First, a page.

For being a “dinosaur stock,” as some say, Cisco Systems (NASDAQ:CSCO) sure has been hot. Cisco stock is up 24% over the past year and has doubled over the past three years. Yes, doubled. As in, it’s done better than Facebook (NASDAQ:FB), Alphabet (NASDAQ:GOOGL, NASDAQ:GOOG) and Intel (NASDAQ:INTC) over that time span.
Short of the stock performance, it feels that, in some ways, Cisco does not get the credit that it deserves. Take its WiFi 6 networking stack. This doesn’t get a whole lot of attention — unlike 5G — but it’s something that could be just as transformative if (and more likely when) it plays out. A passage from the linked article above:
“Wi-Fi 6 can offer 400 percent greater capacity and operate well in dense areas such as lecture halls and stadiums. The 5G and Wi-Fi 6 tandem is likely to handle outside wireless connectivity and inside, respectively.”
This is just one catalyst for a company that has many. What are they?
Valuing Cisco Stock
Cisco stock pays out an attractive 2.5% dividend yield, something that’s hard to find in the tech sector. Usually to find that type of payout, investors have to sacrifice growth. That’s somewhat true with Cisco too, at least to a certain degree. The company sports mid-single-digit revenue growth and that’s okay, but its double-digit earnings growth is far more attractive.
Analysts forecast revenue to grow 4.8% this year to $51.7 billion and 3.5% next year. On the earnings front, estimates call for 18% growth to $3.07 per share. Admittedly, those estimates drop down to growth of “just” 10% in 2020 to $3.38 per share.
A lot can change in 12 months, which is why estimates that are 24 months out oftentimes are not worth basing an investment case around. Cisco is already more than halfway through its fiscal 2019 year though, with third-quarter results due up on May 15. Better-than-expected results may get analysts to nudge those 2020 estimates higher, so let’s see how the company does this quarter.
One last note on the company’s capital return policy. Cisco stock got a boost when it reported a top- and bottom-line beat back in February. However, the company also added $15 billion to its buyback plan. The share repurchase authorization now sits at $24 billion, or roughly 10% of Cisco’s current market cap.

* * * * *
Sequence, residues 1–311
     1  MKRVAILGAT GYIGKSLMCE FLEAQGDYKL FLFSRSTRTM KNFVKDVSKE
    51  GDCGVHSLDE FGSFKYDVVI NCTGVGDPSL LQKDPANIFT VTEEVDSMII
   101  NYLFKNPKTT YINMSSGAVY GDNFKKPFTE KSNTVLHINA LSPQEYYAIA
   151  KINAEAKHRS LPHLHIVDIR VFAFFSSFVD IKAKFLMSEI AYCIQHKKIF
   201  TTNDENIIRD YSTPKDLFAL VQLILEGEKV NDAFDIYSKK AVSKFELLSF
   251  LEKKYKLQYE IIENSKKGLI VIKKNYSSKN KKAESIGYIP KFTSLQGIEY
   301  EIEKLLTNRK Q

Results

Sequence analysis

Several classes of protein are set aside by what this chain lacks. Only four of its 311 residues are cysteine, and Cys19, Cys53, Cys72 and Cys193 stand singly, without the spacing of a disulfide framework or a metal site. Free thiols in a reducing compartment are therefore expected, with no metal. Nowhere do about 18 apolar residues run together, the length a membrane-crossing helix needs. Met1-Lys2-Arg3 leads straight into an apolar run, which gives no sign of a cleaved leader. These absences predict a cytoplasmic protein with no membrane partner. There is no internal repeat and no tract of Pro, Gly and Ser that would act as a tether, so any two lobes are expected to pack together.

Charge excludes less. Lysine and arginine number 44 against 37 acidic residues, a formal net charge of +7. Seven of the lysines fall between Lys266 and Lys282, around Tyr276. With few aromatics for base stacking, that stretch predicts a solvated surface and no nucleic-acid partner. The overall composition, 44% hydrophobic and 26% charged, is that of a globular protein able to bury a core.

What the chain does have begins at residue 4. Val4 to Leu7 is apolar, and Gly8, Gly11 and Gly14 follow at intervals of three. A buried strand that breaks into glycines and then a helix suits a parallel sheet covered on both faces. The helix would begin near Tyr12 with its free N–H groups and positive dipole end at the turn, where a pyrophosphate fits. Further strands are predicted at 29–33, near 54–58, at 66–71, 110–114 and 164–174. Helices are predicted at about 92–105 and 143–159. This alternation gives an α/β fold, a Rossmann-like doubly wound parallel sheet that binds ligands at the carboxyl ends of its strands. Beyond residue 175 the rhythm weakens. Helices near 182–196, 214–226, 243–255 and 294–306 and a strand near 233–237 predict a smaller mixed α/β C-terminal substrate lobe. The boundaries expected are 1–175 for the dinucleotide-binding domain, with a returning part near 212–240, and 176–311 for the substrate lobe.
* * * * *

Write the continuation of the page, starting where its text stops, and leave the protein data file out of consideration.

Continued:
On a valuation basis, shares trade at 17.75 times this year’s earnings estimates. That’s not bad for a 2.5% dividend yield, double-digit earnings growth and a company that’s sure to benefit from 5G, WiFi 6 and a continuing secular trend of connected devices.
Trading CSCO Stock
With all that said, how do we trade Cisco stock and where’s the best spot to buy it?
There are actually two attractive spots for Cisco stock, depending on how conservative or aggressive investors want to be. Conservative bulls can consider a long position on today’s phantom test of the 50-day moving average. Shares sank in early Friday trading after Arista Networks (NASDAQ:ANET) disappointed investors with its earnings report.
Not to jump down that rabbit hole, but a quick note on ANET: The company beat on earnings and revenue estimates, but sank as Q2 guidance came up well short of analysts’ expectation. That miss is mainly due to the action of a large unnamed cloud customer.
So why should CSCO stock fall because ANET is getting less commitment from one of its larger customers? Already down about 6% from its highs and pulling into potential support, Cisco stock is a long for more aggressive traders. Below the 50-day moving average and the gap fill and short-term traders may consider stopping out.
A drop down to $48 is where I would really love to scoop up Cisco stock. It’s just above the 200-day moving average — although, admittedly, by the time it gets down there, the 200-day will likely be higher. Further, this was a big breakout area back in February after this level had been resistance all through Q4.
I don’t know if we’ll see Cisco stock back down there, but it’s a buy if we do.